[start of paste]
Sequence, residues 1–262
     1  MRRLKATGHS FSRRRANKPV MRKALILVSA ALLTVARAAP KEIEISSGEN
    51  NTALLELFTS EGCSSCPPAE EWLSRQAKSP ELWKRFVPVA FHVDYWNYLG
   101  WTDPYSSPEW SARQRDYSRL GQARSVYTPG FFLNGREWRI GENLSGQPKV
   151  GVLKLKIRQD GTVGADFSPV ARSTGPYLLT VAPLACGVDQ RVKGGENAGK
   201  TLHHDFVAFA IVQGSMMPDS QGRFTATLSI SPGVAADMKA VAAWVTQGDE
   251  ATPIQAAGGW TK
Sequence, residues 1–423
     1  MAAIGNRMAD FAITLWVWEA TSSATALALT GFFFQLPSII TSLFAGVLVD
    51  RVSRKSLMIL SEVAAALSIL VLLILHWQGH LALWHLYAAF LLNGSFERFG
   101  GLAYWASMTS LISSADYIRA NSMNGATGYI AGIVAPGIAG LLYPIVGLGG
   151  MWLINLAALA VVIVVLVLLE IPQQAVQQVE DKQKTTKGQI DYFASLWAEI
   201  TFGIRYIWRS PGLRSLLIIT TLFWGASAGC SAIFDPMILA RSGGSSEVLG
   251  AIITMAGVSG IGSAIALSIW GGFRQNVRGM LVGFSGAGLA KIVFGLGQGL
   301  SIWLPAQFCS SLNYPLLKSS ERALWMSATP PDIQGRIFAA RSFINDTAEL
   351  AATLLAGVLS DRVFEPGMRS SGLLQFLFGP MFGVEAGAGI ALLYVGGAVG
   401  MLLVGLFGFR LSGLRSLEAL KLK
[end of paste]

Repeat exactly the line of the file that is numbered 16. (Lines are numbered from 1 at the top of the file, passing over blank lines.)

   351  AATLLAGVLS DRVFEPGMRS SGLLQFLFGP MFGVEAGAGI ALLYVGGAVG